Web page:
from the their-websites-just-mysteriously-started-working-again dept.
Nerval's Lobster writes "Massachusetts lawmakers have agreed to repeal a six-week-old tax on computer services that generated such outrage that even the governor who proposed the tax in January now opposes it. The 6.25 percent sales tax on 'computer system design services' was proposed by Gov. Deval Patrick in January, but got little notice before it was slipped in mid-July into a $500 million supplementary funding bill meant to pay for improvements in the state's public transportation system. It was passed by the legislature with almost no debate, was signed into law by the governor with little public outrage, and went into effect – theoretically – July 31. IT businesses in the state used social media, business associations and angry letters to both lawmakers and local media to describe problems with the tax and show their opposition. Confusion over what qualifies as a 'computer system design service' and how to actually implement the tax – which was supposed to generate $161 million in revenue for the state – has been such a challenge to implement that the state has yet to collect a dime. The main logistical problem is figuring out what is covered and what isn't: data access, data processing and 'information services,' for example, are not taxed, which exempts most hosting, cloud, outsourcing and remote-access monitoring or security services. Democratic leaders announced Sept. 12 they would support repeal of the tax, which could be completed within weeks. 'It is now evident that the impact of the tax is broader than any of us ever anticipated or intended,' according to Mass. Senate President Therese Murray at a press conference Sept. 12."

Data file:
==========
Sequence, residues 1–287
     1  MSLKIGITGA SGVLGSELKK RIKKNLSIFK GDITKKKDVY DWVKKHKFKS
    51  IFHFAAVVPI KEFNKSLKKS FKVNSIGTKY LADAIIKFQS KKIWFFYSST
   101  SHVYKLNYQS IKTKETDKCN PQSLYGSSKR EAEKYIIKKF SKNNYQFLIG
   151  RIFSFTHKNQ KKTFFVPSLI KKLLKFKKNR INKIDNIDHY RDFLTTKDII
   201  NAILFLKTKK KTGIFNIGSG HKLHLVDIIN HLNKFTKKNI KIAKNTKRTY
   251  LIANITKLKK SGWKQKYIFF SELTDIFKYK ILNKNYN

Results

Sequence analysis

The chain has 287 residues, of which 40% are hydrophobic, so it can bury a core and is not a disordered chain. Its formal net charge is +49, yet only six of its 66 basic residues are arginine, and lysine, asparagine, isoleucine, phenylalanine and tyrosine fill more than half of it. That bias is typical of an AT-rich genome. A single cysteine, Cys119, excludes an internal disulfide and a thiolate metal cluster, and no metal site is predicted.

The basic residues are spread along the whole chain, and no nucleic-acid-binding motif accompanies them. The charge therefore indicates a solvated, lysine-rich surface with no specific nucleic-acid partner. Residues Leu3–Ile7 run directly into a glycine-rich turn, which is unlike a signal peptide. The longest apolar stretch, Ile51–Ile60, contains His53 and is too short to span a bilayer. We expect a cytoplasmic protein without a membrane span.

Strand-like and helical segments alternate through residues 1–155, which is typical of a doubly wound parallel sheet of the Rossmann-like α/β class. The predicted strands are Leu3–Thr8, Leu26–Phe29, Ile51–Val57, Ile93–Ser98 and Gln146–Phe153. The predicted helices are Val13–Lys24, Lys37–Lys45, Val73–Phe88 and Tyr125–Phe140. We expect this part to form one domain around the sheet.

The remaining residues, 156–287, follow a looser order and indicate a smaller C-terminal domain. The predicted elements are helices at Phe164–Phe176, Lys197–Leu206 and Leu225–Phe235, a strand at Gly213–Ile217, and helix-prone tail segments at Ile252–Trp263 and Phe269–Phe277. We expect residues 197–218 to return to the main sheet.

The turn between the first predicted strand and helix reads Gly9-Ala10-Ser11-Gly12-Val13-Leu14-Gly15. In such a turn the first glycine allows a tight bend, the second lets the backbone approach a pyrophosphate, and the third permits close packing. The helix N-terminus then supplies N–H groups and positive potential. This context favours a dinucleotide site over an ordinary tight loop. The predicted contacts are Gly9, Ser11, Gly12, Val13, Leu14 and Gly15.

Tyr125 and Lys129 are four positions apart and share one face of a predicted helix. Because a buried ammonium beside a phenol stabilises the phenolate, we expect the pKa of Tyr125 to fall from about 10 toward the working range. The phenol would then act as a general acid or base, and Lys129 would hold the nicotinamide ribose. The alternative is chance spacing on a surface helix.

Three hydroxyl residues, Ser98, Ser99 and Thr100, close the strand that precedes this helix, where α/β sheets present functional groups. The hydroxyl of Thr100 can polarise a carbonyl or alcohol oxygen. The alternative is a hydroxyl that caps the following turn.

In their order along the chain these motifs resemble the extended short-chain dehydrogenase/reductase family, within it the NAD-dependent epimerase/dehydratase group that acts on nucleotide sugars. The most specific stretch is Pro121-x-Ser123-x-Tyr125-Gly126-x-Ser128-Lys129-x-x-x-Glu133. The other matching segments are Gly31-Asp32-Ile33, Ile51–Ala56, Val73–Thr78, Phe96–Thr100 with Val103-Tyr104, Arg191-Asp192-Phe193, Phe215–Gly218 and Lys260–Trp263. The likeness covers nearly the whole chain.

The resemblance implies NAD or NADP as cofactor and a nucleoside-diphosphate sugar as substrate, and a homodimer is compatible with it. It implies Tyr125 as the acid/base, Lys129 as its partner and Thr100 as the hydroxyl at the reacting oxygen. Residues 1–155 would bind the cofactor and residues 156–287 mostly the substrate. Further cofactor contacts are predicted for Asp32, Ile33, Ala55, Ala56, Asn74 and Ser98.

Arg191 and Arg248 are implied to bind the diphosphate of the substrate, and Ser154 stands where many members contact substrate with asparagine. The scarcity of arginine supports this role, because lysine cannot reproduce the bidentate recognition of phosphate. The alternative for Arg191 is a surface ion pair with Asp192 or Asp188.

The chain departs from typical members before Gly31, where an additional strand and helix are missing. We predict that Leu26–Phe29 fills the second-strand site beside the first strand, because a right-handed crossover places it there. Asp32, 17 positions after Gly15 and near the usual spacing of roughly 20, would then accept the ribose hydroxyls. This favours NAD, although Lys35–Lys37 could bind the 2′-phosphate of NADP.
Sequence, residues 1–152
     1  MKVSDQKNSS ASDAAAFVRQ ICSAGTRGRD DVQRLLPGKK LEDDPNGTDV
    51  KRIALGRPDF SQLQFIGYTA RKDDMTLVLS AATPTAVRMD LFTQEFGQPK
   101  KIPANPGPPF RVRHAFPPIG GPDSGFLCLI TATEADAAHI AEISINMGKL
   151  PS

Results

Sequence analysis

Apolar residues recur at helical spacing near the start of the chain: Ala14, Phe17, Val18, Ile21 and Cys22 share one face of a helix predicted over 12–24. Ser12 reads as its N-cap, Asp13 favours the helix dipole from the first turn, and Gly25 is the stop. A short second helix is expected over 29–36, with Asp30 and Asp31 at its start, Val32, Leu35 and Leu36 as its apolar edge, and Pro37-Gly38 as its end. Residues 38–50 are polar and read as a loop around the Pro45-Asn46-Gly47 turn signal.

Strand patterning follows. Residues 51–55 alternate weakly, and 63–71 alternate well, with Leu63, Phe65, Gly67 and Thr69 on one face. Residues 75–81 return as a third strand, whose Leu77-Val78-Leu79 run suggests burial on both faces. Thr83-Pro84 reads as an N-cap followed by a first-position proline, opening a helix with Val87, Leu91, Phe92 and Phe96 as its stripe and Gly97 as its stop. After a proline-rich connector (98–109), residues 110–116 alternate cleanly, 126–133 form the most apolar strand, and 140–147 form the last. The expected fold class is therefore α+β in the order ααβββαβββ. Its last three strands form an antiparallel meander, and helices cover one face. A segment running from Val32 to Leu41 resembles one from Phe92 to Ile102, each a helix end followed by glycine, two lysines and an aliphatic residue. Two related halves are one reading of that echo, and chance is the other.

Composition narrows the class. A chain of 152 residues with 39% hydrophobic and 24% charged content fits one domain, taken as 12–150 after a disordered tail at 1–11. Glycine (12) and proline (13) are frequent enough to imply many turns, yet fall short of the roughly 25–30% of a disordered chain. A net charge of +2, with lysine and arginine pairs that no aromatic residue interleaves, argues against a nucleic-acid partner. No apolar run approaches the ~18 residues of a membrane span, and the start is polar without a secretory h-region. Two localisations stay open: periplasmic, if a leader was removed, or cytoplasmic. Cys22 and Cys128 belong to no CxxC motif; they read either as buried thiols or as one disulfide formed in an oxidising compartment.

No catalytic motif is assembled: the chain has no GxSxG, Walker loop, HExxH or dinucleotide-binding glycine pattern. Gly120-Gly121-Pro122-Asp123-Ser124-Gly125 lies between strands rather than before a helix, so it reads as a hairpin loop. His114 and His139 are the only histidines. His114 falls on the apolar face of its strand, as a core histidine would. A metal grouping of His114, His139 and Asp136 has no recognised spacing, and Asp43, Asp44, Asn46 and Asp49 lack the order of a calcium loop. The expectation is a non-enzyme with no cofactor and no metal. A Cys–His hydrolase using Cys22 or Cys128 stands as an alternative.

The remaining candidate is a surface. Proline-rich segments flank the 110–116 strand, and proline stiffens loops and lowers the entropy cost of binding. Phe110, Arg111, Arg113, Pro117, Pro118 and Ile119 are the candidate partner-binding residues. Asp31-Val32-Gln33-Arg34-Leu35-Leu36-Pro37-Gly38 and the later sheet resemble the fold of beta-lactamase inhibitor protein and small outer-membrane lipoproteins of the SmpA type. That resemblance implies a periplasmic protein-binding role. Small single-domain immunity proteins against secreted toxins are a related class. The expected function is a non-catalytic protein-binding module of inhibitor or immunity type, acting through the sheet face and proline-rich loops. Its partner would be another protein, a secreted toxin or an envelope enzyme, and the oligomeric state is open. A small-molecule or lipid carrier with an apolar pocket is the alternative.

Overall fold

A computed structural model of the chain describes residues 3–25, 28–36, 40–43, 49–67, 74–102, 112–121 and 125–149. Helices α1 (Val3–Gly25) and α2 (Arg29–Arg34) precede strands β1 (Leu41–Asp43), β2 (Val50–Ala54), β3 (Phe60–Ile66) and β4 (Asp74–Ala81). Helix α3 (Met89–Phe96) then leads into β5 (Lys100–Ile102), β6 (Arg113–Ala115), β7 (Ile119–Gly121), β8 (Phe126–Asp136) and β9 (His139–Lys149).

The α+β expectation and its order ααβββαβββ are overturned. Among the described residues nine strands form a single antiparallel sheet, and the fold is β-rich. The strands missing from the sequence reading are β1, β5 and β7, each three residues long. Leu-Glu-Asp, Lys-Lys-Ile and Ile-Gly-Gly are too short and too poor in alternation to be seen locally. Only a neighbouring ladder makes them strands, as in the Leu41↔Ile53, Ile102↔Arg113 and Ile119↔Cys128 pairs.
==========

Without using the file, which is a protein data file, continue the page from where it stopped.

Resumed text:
from the be-safe-out-there dept.
dcblogs writes "Boulder Co. was recently ranked first in nation for its 'high-tech start-up density,' for cities of its size by the Kauffman Foundation. The ranking is based on a ratio of start-ups to population. But the tech community has left its downtown offices, some of which are flooded and others under threat. Normally there are 70 people working in Gnip's office, but Chris Moody, the CEO, in response to request from the city to get traffic off roads, closed the office. In another part of downtown, TeamSnap's building was flooding, and Dave DuPont, its CEO, said his only commute option was 'by boat.' The city's decision to ask businesses to close was a sign 'that the worse might still be in front us,' said Moody."